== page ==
on Saturday, September 21, 2013
The year is 2050, and the human race is still hanging in there, despite the overwhelming odds against us. Some cynics might argue that, as a whole, mankind is not doing all that well. We are stifled by the pollution we were too stubborn to prevent, it is largely accepted that our home planet is doomed, and a large percent of the population is too absorbed in the gadgets that have practically become extensions of our body. All of these are valid points. However, by some miracle, we humans have managed to progress an impressive amount in terms of the social issues that plagued the decades behind us.

Picture this. You are in your early thirties, and you move into a lovely little house in the suburbs with your spouse and your toddling child, away from the smog of the city, on a street of houses just different enough from your own to make your home feel unique. You quickly make friends with your new neighbors, inviting them over for a quaint little potluck dinner. There you meet Kathy and Richard Davidson, and their ten year old daughter Sally, and Jessica and Nick Anderson, and their three year old son Darren. You remark fondly to your spouse that you should make sure to set up a playdate for your two little tikes. Then, in walks a pair of men around your own age, bearing between them a rather precocious five-year-old girl with a pixie cut, a drooling one-year-old in a onesie printed to resemble a tuxedo, and a scrumptious looking plate of homemade cookies. The pair introduces themselves as Ted and Zach, and you find out that they live three houses down from you and they’ve been married almost eight years. You are not shocked by these revelations whatsoever – you had already met the newlywed lesbian couple who lives across the street from you, and your roommate in college had been openly bisexual. In fact, no one at your little get together seems especially perturbed by the arrival of this same-sex couple, or at the fact that they are the parents of two children. The rest of your get-together goes swimmingly, and as it comes to a close, you have made plans for a playdate for your child, the Anderson boy, and Ted and Zach’s tots as well. You muse to your spouse as you prepare for bed that you are so glad you decided to host this party. You sleep well.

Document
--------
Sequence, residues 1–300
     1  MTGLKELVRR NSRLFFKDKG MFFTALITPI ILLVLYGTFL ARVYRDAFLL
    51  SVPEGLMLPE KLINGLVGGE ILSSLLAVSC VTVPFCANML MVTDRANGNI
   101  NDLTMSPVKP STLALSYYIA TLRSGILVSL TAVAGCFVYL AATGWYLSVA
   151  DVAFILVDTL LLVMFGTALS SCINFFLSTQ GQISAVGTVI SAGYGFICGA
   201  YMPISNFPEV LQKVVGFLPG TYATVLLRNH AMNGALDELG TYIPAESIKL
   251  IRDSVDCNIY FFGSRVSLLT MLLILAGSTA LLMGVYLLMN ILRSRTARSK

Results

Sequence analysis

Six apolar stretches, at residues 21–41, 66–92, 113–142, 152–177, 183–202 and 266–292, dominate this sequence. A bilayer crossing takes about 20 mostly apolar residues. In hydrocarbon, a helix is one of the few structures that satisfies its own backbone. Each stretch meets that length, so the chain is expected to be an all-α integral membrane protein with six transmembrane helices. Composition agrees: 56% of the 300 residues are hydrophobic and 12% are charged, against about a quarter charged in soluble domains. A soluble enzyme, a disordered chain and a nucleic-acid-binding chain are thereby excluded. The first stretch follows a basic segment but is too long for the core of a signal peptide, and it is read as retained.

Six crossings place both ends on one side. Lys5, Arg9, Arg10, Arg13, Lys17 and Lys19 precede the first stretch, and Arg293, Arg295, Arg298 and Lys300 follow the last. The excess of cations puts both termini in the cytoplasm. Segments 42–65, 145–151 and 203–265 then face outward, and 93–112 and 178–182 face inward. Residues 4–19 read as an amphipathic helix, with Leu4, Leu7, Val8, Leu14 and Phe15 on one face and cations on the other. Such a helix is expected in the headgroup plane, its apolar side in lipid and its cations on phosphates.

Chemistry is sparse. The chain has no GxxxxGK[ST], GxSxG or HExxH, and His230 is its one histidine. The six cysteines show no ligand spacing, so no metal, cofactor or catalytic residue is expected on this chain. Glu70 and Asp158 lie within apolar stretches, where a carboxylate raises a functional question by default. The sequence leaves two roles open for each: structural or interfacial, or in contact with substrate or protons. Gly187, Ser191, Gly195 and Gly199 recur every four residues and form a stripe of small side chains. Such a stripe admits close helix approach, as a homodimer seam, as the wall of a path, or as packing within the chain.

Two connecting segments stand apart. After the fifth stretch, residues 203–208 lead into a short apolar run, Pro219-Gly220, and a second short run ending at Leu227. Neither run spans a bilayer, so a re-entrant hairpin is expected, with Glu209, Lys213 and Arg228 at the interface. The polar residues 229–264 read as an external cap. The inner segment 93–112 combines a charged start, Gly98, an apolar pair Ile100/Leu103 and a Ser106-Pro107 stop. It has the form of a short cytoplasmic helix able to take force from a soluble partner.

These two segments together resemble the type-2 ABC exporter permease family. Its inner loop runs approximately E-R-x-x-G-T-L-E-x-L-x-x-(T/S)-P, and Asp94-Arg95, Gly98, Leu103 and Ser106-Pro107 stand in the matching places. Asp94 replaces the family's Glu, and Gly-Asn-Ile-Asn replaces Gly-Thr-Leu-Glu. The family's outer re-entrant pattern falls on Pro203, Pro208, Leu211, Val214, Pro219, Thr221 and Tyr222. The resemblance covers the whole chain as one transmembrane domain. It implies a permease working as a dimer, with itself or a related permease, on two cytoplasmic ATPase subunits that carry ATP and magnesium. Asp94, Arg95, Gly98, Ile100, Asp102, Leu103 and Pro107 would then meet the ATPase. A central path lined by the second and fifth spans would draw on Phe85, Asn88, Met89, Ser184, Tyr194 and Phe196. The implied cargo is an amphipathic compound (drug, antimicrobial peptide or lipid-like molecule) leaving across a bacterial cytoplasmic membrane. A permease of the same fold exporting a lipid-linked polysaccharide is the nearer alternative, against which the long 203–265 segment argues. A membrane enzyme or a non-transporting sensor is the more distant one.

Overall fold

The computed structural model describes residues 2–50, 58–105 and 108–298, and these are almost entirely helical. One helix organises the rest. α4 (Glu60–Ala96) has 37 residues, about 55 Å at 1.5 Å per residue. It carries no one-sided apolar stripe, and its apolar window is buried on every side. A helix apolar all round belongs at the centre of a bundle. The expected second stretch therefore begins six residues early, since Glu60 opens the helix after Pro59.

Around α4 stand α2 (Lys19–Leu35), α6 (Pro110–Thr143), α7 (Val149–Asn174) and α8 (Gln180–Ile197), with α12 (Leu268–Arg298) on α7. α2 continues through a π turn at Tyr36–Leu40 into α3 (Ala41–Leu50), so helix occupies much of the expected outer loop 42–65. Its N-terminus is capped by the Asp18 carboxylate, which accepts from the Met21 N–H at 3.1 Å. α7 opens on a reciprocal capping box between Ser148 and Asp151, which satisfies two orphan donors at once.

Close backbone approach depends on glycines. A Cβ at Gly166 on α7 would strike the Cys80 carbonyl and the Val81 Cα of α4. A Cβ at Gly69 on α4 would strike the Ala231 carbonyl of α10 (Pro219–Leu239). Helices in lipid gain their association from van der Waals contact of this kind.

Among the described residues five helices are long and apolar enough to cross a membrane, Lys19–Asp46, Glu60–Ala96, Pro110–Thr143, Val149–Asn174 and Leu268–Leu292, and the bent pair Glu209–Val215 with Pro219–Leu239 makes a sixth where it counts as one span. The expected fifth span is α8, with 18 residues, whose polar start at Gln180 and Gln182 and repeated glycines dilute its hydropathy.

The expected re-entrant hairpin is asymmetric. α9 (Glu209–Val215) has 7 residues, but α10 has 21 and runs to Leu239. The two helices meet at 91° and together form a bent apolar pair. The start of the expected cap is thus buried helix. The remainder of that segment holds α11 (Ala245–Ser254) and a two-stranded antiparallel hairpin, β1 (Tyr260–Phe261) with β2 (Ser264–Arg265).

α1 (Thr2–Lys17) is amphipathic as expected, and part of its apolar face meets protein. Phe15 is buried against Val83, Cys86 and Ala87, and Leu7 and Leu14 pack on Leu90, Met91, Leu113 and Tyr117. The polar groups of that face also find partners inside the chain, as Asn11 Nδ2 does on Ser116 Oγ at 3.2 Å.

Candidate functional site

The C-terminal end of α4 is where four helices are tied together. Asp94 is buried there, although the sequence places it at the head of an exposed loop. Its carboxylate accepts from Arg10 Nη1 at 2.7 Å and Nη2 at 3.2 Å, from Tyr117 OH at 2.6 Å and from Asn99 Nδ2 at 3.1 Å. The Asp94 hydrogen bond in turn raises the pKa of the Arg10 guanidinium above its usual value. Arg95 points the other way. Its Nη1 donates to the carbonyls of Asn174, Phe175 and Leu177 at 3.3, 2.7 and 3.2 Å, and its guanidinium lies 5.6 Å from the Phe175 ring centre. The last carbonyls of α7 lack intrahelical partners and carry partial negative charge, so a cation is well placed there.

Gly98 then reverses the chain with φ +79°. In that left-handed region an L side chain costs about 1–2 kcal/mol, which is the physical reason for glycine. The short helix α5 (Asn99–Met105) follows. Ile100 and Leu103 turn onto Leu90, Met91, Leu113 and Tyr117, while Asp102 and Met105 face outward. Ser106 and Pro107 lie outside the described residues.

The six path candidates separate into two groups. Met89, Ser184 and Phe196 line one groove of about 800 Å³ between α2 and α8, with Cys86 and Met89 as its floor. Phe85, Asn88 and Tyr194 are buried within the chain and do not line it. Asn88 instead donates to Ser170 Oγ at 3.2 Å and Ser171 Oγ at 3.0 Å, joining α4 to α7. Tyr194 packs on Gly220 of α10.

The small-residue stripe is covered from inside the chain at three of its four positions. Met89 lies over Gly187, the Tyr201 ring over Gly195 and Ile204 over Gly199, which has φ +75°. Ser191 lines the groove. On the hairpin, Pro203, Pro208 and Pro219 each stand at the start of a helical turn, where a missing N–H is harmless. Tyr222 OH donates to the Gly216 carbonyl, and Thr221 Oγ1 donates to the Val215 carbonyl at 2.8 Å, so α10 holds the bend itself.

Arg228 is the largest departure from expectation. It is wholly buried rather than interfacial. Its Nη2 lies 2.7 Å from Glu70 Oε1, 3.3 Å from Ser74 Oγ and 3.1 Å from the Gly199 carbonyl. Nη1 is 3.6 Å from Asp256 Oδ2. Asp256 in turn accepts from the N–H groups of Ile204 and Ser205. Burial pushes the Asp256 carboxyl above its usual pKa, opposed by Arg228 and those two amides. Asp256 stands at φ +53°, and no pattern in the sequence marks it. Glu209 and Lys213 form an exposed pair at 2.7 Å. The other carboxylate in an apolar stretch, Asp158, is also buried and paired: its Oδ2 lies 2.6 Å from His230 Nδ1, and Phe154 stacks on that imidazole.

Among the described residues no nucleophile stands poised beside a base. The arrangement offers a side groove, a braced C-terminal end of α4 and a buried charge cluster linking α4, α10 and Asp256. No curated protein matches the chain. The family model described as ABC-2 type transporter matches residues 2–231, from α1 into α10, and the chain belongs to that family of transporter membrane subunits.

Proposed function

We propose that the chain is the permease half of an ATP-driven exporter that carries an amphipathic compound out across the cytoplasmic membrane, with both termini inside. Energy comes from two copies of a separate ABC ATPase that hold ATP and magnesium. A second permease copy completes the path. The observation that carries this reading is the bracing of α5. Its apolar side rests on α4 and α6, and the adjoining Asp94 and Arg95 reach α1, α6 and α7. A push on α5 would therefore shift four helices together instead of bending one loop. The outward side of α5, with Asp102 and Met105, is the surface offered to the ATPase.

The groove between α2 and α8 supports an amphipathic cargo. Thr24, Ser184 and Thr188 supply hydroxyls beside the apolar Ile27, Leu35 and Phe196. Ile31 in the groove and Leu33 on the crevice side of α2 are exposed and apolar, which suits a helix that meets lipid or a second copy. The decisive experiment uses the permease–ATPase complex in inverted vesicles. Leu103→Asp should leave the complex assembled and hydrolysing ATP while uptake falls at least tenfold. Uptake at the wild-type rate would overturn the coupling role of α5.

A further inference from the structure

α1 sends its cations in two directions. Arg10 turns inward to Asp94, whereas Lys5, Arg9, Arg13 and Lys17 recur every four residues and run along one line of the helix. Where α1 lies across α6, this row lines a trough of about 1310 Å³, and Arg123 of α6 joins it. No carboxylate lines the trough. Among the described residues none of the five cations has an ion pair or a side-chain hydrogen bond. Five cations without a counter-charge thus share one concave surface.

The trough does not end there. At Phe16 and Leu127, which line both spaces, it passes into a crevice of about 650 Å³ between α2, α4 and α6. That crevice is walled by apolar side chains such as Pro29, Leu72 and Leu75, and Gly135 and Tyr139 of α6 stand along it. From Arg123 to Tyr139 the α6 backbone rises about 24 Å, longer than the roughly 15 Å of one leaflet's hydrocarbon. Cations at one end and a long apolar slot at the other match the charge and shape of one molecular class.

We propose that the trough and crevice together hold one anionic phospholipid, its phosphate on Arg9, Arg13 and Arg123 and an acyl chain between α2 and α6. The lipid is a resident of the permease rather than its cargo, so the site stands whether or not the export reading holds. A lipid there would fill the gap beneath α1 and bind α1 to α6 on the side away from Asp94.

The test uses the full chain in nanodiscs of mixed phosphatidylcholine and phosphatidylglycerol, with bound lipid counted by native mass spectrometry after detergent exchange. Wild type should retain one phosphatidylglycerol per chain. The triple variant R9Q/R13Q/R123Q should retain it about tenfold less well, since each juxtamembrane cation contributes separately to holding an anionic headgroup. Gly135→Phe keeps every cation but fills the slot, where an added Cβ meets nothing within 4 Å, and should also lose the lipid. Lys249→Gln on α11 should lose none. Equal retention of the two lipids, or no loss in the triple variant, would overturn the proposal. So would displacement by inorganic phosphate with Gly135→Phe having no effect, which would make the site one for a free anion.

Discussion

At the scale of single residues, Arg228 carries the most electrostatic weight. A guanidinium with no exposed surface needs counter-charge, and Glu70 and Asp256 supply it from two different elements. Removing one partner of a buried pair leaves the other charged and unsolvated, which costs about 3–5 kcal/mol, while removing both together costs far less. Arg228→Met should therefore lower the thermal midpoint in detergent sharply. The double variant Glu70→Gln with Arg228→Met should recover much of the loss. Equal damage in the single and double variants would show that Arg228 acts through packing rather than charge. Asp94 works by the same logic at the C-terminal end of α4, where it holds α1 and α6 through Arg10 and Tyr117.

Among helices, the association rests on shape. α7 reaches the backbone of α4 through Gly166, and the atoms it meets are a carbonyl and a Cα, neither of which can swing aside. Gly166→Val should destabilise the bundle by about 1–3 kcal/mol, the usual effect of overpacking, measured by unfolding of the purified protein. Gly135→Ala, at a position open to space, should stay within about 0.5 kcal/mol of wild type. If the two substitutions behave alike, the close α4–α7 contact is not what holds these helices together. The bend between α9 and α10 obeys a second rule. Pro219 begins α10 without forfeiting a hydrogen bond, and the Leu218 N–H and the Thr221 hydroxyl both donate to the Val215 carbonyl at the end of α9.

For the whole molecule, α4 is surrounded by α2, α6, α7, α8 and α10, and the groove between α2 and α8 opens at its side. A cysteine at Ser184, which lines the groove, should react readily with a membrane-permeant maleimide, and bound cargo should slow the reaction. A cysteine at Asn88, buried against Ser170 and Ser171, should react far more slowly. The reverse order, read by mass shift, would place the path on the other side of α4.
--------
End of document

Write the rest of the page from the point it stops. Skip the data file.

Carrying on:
Now, doesn’t that sound like a lovely little bubble of suburbia?